Trichiasis, a very common lid abnormality, is defined as the misdirection of eyelashes toward the globe. The misdirected lashes may be diffuse across the entire lid or in a small segmental distribution.
Trichiasis has numerous causes, and the strategies to correct this problem are dictated by the anatomic abnormality causing the lash misdirection. See the image below.
The primary causes of trichiasis are involutional changes, posterior lamellae scarring (superior or inferior), epiblepharon, and distichiasis.
Trachoma is relatively uncommon in the United States. Exact numbers on the frequency of trichiasis are unknown. Simple trichiasis involving only a few lashes is relatively common. Diffuse trichiasis involving the entire lid margin is much less common, and it is seen primarily in countries where trachoma is endemic.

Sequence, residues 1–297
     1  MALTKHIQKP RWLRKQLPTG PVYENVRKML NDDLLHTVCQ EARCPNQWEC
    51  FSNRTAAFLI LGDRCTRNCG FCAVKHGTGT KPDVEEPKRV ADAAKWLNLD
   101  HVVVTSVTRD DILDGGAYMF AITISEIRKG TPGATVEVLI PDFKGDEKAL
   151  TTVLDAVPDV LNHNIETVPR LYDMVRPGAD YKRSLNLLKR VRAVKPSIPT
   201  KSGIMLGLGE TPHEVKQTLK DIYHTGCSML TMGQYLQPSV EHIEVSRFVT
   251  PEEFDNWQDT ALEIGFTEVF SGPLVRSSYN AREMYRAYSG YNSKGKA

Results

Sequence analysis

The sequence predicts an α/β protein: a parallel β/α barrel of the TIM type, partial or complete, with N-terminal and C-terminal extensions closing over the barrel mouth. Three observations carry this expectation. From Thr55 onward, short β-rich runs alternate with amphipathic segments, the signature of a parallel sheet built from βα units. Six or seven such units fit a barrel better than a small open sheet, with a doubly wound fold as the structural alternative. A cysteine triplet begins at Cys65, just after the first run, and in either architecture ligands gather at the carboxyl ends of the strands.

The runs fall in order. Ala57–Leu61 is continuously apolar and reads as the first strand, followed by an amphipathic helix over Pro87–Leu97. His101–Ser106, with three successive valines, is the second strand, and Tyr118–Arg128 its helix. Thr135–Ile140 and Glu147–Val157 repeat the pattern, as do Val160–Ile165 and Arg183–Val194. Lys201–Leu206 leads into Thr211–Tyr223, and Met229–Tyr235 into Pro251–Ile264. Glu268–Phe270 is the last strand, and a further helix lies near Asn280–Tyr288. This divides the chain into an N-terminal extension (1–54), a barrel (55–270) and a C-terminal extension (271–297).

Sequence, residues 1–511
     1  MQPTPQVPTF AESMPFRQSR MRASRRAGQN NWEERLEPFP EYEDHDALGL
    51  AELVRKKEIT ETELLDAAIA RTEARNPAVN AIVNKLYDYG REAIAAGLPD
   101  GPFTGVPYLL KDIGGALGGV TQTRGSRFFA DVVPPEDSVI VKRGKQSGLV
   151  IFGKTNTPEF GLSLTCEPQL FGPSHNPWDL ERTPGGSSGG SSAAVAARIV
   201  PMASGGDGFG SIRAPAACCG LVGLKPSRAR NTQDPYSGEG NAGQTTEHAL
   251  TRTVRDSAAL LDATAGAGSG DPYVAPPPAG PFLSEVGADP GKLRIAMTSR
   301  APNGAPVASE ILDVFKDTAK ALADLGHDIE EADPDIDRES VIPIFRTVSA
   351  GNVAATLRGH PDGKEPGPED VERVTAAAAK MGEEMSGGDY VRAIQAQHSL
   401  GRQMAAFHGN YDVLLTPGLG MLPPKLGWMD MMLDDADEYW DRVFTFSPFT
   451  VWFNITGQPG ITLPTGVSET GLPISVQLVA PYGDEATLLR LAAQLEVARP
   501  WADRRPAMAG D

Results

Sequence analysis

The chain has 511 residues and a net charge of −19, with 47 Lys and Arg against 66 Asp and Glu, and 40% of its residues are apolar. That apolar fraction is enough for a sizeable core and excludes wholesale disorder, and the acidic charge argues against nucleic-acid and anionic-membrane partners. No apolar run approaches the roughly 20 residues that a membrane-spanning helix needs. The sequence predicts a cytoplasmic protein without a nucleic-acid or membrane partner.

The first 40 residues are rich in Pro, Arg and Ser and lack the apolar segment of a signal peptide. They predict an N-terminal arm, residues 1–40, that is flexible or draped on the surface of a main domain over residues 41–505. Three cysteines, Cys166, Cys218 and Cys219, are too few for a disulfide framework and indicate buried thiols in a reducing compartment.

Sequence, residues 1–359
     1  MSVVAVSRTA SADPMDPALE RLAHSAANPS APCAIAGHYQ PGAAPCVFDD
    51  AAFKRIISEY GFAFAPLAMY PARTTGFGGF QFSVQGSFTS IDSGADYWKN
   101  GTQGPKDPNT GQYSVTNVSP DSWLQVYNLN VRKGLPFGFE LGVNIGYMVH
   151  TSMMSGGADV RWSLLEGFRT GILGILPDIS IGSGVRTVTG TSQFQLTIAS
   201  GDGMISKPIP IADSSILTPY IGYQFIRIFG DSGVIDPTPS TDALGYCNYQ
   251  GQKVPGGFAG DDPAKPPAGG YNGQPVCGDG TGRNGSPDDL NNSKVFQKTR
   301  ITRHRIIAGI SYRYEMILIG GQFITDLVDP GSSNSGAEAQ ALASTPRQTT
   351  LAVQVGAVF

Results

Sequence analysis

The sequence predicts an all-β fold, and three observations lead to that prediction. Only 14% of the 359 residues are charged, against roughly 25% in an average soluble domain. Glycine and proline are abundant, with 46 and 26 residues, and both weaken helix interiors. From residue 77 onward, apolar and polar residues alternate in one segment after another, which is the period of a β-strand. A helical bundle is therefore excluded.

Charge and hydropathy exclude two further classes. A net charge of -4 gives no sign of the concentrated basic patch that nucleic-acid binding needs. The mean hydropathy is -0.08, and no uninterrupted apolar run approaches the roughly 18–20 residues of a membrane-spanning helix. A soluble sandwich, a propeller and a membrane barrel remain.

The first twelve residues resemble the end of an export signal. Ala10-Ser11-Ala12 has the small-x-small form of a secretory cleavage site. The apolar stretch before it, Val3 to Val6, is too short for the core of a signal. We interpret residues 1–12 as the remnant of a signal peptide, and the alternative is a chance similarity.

The primary morbidity associated with trichiasis is corneal abrasion, corneal scarring, and microbial keratitis. This condition can be vision threatening.
No known racial predilection is evident.
No known sexual predilection is evident.
Trichiasis can occur in all ages; however, it is seen most commonly in the adult years.
Epiblepharon, one of the common causes of trichiasis, is found primarily in children.